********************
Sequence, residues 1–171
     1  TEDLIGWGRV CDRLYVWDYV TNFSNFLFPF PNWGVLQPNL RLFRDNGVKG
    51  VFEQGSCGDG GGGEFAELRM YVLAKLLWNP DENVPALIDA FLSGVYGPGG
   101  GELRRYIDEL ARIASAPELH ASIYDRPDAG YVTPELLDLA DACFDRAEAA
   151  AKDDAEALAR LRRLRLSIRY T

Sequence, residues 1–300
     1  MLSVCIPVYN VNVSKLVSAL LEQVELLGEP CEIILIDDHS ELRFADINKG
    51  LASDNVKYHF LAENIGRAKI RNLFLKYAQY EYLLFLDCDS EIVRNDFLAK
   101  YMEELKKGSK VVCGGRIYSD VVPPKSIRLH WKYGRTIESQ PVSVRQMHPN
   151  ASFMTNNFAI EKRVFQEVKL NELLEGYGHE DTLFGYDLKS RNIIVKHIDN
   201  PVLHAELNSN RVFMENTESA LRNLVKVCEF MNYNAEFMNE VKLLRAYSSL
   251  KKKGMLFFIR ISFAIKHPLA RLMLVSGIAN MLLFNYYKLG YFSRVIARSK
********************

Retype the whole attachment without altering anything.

Sequence, residues 1–171
     1  TEDLIGWGRV CDRLYVWDYV TNFSNFLFPF PNWGVLQPNL RLFRDNGVKG
    51  VFEQGSCGDG GGGEFAELRM YVLAKLLWNP DENVPALIDA FLSGVYGPGG
   101  GELRRYIDEL ARIASAPELH ASIYDRPDAG YVTPELLDLA DACFDRAEAA
   151  AKDDAEALAR LRRLRLSIRY T

Sequence, residues 1–300
     1  MLSVCIPVYN VNVSKLVSAL LEQVELLGEP CEIILIDDHS ELRFADINKG
    51  LASDNVKYHF LAENIGRAKI RNLFLKYAQY EYLLFLDCDS EIVRNDFLAK
   101  YMEELKKGSK VVCGGRIYSD VVPPKSIRLH WKYGRTIESQ PVSVRQMHPN
   151  ASFMTNNFAI EKRVFQEVKL NELLEGYGHE DTLFGYDLKS RNIIVKHIDN
   201  PVLHAELNSN RVFMENTESA LRNLVKVCEF MNYNAEFMNE VKLLRAYSSL
   251  KKKGMLFFIR ISFAIKHPLA RLMLVSGIAN MLLFNYYKLG YFSRVIARSK